The Pensioners’ Camp of Tarragindi: A Forgotten Chapter of Brisbane’s History

Pensioners’ Camp
Gentleman's House, one of the examples of houses at the Old Aged Pensioners' Camp, Tarragindi, 1925 (Photo credit: Brisbane John Oxley Library, State Library of Queensland)

In the shadow of the Great Depression, a makeshift community emerged in Tarragindi. Known locally as the “Pensioners’ Camp,” this area became a refuge for those who had lost everything in the economic turmoil of the 1920s and 1930s. The story of this camp is a testament to resilience, philanthropy, and the stark realities of poverty during one of history’s most challenging periods.

Read: Tarragindi Treasure: ‘Onival’ – A Testament to Brisbane’s Growth

The Origins of the Camp

Pensioners’ Camp
A resident and his house at the Old Aged Pensioners’ Camp, Tarragindi, Brisbane, ca 1925 (Photo credit: State Library of Queensland) 

The Pensioners Camp began to take shape in the mid-1920s, providing shelter for families rendered homeless by the Great Depression. The land, located near the Tarragindi reservoir, was owned by Dr James O’Neill Mayne, a notable Brisbane philanthropist. 

Dr Mayne generously allowed destitute individuals to erect temporary shelters on his property. These makeshift homes were described as “rude humpies,” constructed from bush timber and eked out with flattened kerosene tins and other scraps of metal.

Life in the Camp

Pensioners’ Camp
Residents at the pensioners’ camp (Photo credit:

At its peak, the Pensioners Camp housed up to 500 huts scattered across the Tarragindi hills and gullies. The Brisbane Municipal Council eventually recognised the growing population and provided nine sanitary buildings to improve living conditions. The camp’s residents, who included families of mixed Aboriginal and Indian heritage, created a close-knit community despite the hardships they faced.

Dr James O’Neill Mayne: The Benefactor

Doctor James O’Neill Mayne (Photo credit: John Oxley Library, State Library of Queensland)

The story of the Pensioners Camp cannot be told without acknowledging Dr James O’Neill Mayne. Dr Mayne was one of the children of Patrick Mayne, a man who migrated to Australia from Ireland in 1841 and worked as a butcher but later became a businessman.

He became one of Brisbane’s wealthiest individuals and even became an one of the aldermen on the first Brisbane Municipal Council in 1859.

Patrick Mayne’s legacy was marred by controversy, as he allegedly confessed to a murder on his deathbed. In 1848, a sawyer named Robert Cox was brutally murdered at Kangaroo Point, and a significant sum of money was believed to have been stolen.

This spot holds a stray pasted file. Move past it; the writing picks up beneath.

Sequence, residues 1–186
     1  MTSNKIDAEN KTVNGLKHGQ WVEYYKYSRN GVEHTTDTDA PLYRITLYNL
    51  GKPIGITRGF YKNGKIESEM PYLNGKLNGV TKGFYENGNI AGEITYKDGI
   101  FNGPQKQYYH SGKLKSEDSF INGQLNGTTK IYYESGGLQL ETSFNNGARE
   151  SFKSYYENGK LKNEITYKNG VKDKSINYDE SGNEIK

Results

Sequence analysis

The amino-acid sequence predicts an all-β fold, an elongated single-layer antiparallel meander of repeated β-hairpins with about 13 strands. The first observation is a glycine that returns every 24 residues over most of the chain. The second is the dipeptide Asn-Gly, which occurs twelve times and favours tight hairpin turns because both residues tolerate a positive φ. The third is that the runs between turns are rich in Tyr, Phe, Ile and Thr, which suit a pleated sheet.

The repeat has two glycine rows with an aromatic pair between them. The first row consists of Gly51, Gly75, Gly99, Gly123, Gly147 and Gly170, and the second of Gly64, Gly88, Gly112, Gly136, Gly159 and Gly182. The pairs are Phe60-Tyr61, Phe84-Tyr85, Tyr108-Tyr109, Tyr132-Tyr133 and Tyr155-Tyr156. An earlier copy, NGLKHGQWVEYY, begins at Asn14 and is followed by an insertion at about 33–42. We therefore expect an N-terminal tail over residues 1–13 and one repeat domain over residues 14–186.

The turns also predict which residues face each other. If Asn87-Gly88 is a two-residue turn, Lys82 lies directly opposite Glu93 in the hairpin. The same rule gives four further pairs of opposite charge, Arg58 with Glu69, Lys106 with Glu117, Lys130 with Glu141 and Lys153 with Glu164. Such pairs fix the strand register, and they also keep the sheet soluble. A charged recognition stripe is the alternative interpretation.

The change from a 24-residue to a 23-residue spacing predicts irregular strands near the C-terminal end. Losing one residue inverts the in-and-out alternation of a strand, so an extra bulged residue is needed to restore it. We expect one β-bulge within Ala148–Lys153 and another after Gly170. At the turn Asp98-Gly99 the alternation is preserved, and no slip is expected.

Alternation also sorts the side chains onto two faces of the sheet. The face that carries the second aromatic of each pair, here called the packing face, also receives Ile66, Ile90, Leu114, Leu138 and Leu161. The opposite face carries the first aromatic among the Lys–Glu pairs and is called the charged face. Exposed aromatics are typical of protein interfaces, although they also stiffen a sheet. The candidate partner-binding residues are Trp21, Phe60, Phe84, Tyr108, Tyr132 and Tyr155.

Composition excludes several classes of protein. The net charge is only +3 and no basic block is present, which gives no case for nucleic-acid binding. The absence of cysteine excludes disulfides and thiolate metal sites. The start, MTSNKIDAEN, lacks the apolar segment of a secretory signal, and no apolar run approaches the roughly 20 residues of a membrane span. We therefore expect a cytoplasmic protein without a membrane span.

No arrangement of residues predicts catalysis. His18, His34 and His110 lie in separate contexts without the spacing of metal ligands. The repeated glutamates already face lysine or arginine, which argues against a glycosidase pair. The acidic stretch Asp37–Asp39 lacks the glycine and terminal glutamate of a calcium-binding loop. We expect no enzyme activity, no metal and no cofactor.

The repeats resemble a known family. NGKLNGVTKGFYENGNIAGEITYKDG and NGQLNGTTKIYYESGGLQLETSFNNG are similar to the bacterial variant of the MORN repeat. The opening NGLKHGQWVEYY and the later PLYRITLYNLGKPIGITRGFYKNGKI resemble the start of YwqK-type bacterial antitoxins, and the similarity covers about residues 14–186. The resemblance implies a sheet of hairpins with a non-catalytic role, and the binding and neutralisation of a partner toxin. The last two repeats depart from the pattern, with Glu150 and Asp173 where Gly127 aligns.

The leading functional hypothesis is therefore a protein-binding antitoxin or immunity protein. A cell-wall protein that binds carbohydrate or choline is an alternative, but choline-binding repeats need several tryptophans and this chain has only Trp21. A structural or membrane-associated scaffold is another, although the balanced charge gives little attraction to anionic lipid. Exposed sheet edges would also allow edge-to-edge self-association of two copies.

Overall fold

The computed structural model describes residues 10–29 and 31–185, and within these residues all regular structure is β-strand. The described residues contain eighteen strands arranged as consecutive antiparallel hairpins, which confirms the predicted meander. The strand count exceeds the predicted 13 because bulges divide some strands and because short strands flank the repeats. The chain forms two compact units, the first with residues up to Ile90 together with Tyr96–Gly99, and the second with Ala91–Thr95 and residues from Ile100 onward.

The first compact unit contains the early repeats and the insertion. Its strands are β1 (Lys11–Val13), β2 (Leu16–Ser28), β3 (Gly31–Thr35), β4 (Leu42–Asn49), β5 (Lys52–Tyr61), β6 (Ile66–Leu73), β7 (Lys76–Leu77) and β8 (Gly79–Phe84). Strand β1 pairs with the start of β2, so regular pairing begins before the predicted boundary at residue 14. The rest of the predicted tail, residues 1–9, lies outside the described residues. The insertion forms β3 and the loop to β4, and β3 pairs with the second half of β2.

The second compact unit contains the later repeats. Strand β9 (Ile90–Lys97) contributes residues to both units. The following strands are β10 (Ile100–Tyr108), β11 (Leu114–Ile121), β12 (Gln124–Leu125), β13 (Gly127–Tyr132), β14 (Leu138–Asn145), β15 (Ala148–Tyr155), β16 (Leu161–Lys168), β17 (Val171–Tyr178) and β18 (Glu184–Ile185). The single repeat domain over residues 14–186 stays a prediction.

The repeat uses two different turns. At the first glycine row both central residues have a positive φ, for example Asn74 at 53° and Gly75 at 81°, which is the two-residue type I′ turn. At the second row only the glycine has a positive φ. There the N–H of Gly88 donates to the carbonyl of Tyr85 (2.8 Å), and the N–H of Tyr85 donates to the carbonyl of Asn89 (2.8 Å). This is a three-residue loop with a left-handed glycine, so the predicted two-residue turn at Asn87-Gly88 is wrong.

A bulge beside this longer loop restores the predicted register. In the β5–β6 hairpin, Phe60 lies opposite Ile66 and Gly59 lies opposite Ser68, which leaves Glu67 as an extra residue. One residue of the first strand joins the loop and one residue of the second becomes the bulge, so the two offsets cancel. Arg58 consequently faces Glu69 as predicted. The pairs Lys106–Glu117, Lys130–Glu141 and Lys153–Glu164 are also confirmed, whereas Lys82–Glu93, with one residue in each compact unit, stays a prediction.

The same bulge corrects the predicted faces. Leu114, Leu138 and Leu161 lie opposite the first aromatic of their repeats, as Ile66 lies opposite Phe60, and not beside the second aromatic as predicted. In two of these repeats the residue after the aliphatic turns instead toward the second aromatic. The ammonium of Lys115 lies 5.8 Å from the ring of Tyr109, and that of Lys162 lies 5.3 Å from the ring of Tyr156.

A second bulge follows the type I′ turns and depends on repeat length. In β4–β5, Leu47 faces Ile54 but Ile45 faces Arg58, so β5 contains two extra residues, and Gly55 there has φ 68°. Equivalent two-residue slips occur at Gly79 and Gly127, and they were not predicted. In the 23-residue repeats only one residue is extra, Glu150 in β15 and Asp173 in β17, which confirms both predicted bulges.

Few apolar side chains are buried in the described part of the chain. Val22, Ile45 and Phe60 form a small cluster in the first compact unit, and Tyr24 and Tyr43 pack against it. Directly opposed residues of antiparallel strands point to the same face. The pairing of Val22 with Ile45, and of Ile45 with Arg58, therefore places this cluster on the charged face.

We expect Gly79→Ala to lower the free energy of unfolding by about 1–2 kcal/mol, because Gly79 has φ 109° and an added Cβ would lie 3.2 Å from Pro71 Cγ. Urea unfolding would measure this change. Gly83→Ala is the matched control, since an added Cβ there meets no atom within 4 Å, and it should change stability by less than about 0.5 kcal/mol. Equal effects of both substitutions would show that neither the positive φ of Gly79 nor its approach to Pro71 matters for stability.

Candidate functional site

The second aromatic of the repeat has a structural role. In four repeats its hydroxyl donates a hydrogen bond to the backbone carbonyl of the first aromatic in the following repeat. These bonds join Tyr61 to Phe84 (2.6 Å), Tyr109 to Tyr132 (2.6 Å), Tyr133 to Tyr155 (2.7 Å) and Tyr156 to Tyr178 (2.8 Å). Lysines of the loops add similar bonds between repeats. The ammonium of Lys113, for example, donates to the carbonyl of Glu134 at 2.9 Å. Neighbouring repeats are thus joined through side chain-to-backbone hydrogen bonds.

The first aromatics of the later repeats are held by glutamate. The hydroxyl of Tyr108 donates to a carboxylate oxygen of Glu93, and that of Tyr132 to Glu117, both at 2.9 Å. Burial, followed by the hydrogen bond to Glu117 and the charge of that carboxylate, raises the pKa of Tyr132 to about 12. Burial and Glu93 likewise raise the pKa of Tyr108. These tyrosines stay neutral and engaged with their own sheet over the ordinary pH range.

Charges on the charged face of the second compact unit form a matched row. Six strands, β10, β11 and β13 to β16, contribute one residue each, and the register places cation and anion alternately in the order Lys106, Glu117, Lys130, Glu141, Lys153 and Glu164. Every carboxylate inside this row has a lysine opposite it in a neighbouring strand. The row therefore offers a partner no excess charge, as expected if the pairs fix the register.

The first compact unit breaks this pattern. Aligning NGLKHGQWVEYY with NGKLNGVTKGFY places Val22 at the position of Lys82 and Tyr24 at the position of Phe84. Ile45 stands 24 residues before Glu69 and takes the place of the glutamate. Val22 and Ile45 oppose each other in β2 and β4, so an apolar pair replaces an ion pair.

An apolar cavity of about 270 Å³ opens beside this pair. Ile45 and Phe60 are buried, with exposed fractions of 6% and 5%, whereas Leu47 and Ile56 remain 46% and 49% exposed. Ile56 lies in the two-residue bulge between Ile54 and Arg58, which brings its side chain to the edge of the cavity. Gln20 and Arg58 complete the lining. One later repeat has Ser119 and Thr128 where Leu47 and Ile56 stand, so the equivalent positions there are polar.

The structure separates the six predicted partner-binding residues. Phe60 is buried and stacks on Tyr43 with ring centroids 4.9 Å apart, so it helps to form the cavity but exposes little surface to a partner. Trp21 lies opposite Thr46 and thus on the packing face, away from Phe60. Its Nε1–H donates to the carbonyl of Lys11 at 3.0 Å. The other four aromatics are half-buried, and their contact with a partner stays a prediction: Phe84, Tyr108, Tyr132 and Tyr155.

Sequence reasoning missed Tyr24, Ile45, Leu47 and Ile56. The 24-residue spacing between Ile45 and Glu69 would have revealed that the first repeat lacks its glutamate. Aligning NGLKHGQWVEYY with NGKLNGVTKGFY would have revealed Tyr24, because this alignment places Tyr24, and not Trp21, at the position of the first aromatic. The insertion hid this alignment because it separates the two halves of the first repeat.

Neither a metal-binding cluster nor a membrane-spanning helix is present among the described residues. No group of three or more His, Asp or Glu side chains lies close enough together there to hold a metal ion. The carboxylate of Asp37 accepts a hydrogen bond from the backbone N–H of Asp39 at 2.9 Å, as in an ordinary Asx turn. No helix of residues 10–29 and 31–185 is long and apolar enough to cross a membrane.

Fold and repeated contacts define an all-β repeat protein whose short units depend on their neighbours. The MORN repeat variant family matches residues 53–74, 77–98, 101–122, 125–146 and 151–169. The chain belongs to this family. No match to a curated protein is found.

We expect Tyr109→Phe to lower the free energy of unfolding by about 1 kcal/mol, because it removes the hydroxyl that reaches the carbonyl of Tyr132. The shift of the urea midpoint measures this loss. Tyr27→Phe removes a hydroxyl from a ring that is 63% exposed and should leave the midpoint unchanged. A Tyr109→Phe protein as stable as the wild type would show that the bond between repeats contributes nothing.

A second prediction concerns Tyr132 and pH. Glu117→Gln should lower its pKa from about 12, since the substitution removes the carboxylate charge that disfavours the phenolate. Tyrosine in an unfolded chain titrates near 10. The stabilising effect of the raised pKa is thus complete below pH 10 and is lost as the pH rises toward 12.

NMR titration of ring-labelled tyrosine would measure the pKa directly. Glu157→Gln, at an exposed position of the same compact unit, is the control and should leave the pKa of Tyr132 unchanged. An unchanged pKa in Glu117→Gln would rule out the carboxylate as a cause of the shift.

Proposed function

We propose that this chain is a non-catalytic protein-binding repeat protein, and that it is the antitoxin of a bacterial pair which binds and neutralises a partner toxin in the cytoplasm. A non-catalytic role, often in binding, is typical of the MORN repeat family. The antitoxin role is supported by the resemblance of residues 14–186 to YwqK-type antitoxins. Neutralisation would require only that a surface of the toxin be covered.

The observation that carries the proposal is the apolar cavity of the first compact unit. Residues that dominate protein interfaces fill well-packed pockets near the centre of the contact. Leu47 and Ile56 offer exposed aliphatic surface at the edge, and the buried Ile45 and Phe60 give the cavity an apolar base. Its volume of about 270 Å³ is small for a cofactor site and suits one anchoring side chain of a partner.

According to the book The Mayne Inheritance by Rosamond Siemon, Patrick Mayne confessed to Cox’s murder before he passed away in 1865 from an unknown illness. He left behind a widow and five children, who had to endure a hostile colonial society that ostracised them for being the offspring of a confessed murderer.

Despite this dark shadow, Patrick Mayne’s children, particularly Dr Mayne, used their inherited wealth for philanthropic purposes.

Dr Mayne’s most significant contribution was funding the purchase of 270 acres of land at St Lucia, which became the main campus of The University of Queensland. His generosity extended to the Pensioners’ Camp, where he allowed the residents to stay indefinitely. Even after his death in 1939, his will purportedly ensured that the camp’s inhabitants could remain as long as they chose.

The Decline of the Camp

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After World War II, the camp’s population began to spread, with some residents moving to areas behind the former US Army Staging Camp near Mayfield Road, Moorooka. This expansion included a “coloured people’s area,” home to families of mixed Aboriginal and Indian races. In 1950, the Brisbane City Council attempted to clear out this area, but many campers remained until the mid-1950s.

The last resident of the original Pensioners Camp reportedly died in the 1970s. True to Dr Mayne’s wishes, the land was not sold or repurposed until the final occupant had passed away. This enduring respect for the displaced speaks volumes about Dr Mayne’s character and the legacy of compassion he left behind.

A Legacy of Resilience

The Pensioners Camp of Tarragindi is a poignant reminder of the human capacity for resilience in the face of adversity. The makeshift homes, constructed from flattened kerosene tins and other salvaged materials, symbolise the ingenuity and determination of those who lived there. Their stories, preserved through oral histories and the efforts of local museums, continue to inspire and remind us of a challenging yet remarkable chapter in Brisbane’s history.

Read: Honouring Passchendaele: The Legacy of a Tarragindi Street Named for Battle and Bravery

As Brisbane continues to grow and evolve, the legacy of the Pensioners Camp and the benevolence of Dr James O’Neill Mayne remain integral to the city’s rich tapestry. This chapter serves as a powerful testament to the enduring spirit of community and the impact of philanthropy during times of profound hardship.

Published 10-June-2024